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More monarch butterflies may return to Midwest with warmer weather

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Near KINGSVILLE, Mo. -- Warmer weather brings a return of Monarch butterflies as the colorful creatures migrate north from Mexico during the next few weeks.

Some say we may see more butterflies this summer. That's because butterfly watchers counted more Monarchs in Mexico during the winter than at any time in the last 10 years.

The orange and black winged insects have seen their numbers dwindle in recent years as their habitat disappears.

At Powell Gardens, those who cultivate the butterfly habitat expect to see Monarchs arrive at any time, but warn that cold snaps could kill off any population growth and slow their migration.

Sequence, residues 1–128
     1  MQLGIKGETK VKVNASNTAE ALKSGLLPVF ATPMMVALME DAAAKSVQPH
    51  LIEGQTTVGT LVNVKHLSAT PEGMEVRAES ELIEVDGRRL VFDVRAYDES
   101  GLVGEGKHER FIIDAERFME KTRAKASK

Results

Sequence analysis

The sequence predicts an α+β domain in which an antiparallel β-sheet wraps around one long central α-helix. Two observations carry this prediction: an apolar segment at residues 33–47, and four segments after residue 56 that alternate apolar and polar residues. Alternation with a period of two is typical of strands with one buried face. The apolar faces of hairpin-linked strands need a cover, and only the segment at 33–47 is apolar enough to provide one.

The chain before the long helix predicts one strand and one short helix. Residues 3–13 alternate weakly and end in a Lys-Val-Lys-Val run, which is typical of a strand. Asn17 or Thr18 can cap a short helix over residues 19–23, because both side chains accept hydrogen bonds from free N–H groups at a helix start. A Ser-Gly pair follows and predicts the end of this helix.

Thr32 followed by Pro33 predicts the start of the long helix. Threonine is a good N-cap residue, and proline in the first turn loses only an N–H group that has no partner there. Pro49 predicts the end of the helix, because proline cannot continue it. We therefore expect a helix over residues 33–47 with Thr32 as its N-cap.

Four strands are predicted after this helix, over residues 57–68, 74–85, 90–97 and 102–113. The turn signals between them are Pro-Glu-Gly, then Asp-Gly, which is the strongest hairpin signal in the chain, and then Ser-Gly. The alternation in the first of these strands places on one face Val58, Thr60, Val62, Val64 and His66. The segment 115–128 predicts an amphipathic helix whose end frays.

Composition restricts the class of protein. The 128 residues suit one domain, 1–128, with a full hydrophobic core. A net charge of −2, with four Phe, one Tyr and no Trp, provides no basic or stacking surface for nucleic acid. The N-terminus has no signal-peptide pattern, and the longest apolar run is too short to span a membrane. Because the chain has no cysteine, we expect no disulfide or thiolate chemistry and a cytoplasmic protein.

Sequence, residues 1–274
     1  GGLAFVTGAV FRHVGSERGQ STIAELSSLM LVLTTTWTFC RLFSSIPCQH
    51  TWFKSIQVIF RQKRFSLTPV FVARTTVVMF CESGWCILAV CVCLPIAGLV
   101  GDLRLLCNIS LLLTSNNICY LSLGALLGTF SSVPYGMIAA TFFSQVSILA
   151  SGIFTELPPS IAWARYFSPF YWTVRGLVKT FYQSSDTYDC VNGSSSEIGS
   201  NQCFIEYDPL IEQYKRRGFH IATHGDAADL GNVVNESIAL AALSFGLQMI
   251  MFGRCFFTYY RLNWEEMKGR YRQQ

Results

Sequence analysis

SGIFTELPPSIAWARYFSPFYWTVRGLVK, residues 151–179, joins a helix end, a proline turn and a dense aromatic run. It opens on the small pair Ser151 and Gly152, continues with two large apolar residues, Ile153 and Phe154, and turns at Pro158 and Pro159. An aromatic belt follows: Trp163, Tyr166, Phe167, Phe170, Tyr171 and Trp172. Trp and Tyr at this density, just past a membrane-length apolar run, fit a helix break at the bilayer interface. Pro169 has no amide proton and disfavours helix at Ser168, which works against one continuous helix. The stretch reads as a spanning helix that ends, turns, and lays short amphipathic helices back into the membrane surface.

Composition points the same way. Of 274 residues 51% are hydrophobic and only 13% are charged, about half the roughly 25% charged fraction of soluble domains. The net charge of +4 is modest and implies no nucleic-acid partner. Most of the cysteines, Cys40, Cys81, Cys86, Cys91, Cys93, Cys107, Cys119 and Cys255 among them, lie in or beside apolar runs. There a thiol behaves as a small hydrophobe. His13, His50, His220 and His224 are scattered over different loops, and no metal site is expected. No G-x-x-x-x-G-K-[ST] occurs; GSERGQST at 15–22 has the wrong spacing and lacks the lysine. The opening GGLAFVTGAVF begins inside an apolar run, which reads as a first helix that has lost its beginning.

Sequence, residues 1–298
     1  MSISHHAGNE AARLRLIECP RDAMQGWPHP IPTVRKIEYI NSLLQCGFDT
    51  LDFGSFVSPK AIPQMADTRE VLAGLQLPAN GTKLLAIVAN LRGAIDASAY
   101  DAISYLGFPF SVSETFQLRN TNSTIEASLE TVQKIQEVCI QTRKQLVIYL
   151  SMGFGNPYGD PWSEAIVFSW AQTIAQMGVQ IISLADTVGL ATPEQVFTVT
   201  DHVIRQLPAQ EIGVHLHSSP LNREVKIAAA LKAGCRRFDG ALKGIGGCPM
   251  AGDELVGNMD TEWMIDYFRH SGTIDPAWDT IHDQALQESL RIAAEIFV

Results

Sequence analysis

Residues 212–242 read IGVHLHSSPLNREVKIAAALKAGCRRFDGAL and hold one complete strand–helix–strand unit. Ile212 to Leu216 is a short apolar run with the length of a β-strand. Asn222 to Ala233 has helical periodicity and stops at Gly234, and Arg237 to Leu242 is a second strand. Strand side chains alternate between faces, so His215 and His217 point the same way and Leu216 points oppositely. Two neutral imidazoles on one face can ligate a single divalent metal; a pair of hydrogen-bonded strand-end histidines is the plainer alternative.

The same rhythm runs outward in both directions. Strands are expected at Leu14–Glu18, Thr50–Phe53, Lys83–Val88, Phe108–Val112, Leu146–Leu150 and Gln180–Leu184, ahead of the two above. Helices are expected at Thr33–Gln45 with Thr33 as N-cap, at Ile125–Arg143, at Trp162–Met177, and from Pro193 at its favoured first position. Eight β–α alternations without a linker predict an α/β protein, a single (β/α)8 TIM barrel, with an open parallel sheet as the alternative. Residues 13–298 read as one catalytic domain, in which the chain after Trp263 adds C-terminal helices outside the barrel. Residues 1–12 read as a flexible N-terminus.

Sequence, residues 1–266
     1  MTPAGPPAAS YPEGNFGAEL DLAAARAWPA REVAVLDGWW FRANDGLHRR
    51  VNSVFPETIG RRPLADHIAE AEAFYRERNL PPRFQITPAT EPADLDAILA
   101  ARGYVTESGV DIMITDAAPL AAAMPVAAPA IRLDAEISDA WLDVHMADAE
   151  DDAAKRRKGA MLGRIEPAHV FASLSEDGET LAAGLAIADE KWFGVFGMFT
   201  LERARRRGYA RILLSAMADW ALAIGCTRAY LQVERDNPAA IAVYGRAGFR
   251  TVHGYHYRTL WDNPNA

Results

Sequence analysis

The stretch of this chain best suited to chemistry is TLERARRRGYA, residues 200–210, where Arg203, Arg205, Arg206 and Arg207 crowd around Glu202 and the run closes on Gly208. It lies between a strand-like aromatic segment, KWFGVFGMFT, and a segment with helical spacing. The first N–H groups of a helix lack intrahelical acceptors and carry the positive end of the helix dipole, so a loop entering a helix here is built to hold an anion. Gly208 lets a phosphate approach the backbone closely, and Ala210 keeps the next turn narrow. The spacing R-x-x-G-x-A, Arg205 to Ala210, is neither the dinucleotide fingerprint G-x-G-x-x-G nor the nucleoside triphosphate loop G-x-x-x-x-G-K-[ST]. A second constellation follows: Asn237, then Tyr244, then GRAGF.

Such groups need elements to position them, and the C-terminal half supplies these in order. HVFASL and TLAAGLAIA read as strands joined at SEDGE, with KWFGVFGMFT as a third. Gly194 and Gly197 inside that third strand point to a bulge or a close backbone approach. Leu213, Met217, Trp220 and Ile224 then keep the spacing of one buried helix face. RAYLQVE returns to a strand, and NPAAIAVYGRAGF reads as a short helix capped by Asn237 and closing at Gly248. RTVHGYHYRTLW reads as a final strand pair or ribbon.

"Around this time, the milkweed in the yards might not be very big," Eric Perrette said, a Powell Gardens horticulturist. "You might want to go out and check them because if you get one mama monarch coming by, she'll cover it with eggs because usually butterflies like to use the newest growth. Even if you have a big stand of milkweed, she will seek out this size of sloppiest milkweed to lay her eggs."

Restoring milkweed and other wildflowers is important for pollinators like butterflies and the health of the Great Plains.

Some Kansas City neighborhoods have even established Monarch way stations, where milkweed and butterfly bushes are planted to help the insects on their journey.

The first butterfly of spring spotted in Powell Gardens has been the Red Admiral. It's only about an inch across.

The best time to see butterflies at Powell Gardens is during their butterfly festival at the end of July and August.

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